When I first joined my team two years ago, I met two of my best friends. One was transgender and gay. The other was gender fluid. At the time, I had a no idea what gender fluid even was. I was incredibly uninformed and would be embarrassed when I would misgender either of them or use the wrong pronouns. And for much too long of a time, I did use the wrong pronouns. It took time for me to continuously call them by the correct pronouns, but I tried relentlessly to get it right, often times thinking about what I was going say a few times just to make sure the pronouns were right. If you’re on a team with someone who’s transgender or completely non-binary, you must try your absolute hardest to call them by their correct pronouns. Now I was lucky enough that my friends wouldn’t visibly get too upset when I would accidentally let the wrong pronoun slip out, but every time I did it I knew that inside I was hurting my friends. People I cared about. People that were a part of my team. That was why I urge all people in FIRST who are cisgender to use always remember to use correct pronouns. This a way you can avoid hurting people.
Another issue I often see on my team is a lack of understanding towards LGBTQ+ members. There are certain needs that these students have that must be met. Each student is different and that is a good thing, so they must all be helped in a different way. An example of this may be a student making another student feel uncomfortable through hate-filled remarks about another person’s gender or sexuality. This is completely unacceptable, doesn’t follow FIRST’s message, and must be dealt with by the mentors of that team. FIRST is meant to be an all-inclusive organization where everyone can feel safe, so it stands that the teams in FIRST must be the same. It is the responsibility of all members of FIRST, especially the mentors, to make sure that LGBTQ+ students and all others feel safe on their team. If that means disciplinary action must be taken on a student or mentor, then it is the responsibility of the head mentor or whoever runs the team to make sure that action is taken.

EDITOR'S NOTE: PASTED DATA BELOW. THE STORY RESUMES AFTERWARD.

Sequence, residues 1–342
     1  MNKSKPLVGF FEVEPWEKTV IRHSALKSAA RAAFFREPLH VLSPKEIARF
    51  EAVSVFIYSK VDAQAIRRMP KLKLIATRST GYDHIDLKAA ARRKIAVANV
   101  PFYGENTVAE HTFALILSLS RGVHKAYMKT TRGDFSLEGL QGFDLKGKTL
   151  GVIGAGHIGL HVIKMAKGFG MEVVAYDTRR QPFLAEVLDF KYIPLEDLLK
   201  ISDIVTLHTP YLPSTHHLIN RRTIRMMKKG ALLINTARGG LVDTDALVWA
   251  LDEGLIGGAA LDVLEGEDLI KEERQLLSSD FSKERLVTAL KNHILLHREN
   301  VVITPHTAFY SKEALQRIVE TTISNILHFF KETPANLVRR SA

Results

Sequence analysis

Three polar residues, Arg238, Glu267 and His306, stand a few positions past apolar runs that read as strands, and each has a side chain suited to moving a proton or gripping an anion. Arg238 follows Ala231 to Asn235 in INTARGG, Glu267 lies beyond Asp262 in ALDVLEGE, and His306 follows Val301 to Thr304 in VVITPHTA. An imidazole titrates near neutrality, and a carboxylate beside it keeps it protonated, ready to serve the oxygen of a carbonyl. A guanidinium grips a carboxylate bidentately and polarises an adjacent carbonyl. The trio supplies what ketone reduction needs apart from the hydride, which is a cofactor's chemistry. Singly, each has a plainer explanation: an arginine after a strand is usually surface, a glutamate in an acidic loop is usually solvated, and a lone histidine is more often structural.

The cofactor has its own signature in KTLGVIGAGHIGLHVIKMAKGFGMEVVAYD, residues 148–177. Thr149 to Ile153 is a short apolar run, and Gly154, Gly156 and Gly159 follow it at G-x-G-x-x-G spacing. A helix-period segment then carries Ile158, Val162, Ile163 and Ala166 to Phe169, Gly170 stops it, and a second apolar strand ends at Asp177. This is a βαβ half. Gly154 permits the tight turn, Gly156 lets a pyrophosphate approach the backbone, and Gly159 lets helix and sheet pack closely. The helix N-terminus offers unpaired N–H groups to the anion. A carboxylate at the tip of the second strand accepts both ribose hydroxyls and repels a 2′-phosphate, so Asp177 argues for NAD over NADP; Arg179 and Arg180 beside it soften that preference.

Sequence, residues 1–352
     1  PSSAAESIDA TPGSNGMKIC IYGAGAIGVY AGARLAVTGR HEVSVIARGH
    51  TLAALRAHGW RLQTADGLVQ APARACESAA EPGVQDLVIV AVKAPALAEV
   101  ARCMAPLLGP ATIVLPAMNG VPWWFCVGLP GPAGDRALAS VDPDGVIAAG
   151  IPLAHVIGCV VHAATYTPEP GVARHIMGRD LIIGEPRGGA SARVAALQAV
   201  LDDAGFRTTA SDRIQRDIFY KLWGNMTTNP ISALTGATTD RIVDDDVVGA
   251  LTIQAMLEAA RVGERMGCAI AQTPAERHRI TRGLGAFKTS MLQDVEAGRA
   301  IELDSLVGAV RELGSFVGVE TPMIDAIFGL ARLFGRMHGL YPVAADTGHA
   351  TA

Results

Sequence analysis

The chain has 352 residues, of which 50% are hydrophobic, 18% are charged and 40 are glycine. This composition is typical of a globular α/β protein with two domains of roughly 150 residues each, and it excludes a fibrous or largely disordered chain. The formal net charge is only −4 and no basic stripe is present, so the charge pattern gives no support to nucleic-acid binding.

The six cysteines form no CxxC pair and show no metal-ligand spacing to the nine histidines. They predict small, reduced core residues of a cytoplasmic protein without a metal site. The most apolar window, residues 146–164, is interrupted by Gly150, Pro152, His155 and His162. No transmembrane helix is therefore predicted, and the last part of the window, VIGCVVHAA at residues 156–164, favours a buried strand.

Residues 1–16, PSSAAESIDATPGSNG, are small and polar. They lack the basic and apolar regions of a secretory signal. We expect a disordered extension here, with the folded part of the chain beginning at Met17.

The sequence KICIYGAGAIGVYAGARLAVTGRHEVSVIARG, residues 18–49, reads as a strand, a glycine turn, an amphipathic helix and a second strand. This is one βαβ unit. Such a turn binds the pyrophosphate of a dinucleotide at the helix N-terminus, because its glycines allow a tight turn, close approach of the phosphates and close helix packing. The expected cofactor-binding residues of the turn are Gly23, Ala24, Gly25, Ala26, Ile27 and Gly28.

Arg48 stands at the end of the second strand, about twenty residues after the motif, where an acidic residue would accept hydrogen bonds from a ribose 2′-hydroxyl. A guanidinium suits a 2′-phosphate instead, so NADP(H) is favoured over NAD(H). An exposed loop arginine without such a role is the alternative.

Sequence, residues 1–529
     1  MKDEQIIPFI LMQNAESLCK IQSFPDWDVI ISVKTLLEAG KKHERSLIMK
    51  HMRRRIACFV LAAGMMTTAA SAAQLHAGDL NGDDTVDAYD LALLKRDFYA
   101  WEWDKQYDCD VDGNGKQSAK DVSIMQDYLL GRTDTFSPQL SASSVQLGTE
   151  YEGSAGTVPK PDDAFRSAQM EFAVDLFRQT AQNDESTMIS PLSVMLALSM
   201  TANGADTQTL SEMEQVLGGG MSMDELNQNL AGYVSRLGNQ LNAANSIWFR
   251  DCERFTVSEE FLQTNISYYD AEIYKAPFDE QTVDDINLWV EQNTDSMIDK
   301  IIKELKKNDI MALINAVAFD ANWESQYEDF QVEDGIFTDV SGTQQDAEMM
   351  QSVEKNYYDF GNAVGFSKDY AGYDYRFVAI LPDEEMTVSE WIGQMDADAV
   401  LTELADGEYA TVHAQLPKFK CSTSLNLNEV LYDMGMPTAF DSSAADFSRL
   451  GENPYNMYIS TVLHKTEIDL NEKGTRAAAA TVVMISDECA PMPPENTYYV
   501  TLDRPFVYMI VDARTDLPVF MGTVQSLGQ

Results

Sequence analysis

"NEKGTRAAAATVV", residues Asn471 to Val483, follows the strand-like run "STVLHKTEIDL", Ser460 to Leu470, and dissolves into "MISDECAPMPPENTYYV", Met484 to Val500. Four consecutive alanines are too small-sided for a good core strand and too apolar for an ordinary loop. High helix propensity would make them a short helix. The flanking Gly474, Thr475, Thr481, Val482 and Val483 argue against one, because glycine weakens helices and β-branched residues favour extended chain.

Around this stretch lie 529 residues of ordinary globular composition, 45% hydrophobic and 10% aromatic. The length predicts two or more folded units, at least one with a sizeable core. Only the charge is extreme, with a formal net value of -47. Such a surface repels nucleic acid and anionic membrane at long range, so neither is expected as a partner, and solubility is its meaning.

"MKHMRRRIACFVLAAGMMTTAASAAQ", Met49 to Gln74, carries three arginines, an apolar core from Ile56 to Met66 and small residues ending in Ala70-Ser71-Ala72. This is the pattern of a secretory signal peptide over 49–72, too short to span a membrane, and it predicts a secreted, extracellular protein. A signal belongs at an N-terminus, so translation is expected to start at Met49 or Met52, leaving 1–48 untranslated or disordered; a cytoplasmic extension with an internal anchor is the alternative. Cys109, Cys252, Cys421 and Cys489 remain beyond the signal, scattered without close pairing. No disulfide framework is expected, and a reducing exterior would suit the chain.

FIRST Teams in general should be a welcoming environment for everyone. That’s one of the main goals of FIRST. So it should be the goal of everyone in FIRST to welcome in members of the LGBTQ+ community and make sure they feel safe and like a valued member of the team. You never know, your team may just be the only place they feel that way.
About LGBTQ+ of FIRST
LGBTQ+ of FIRST is a student run organization that advocates awareness and acceptance of LGBTQ+ students, mentors, and volunteers of FIRST Robotics. LGBTQ+ of FIRST reaches out to over 1000 members across the FIRST regions and fronts multiple outreach endeavors.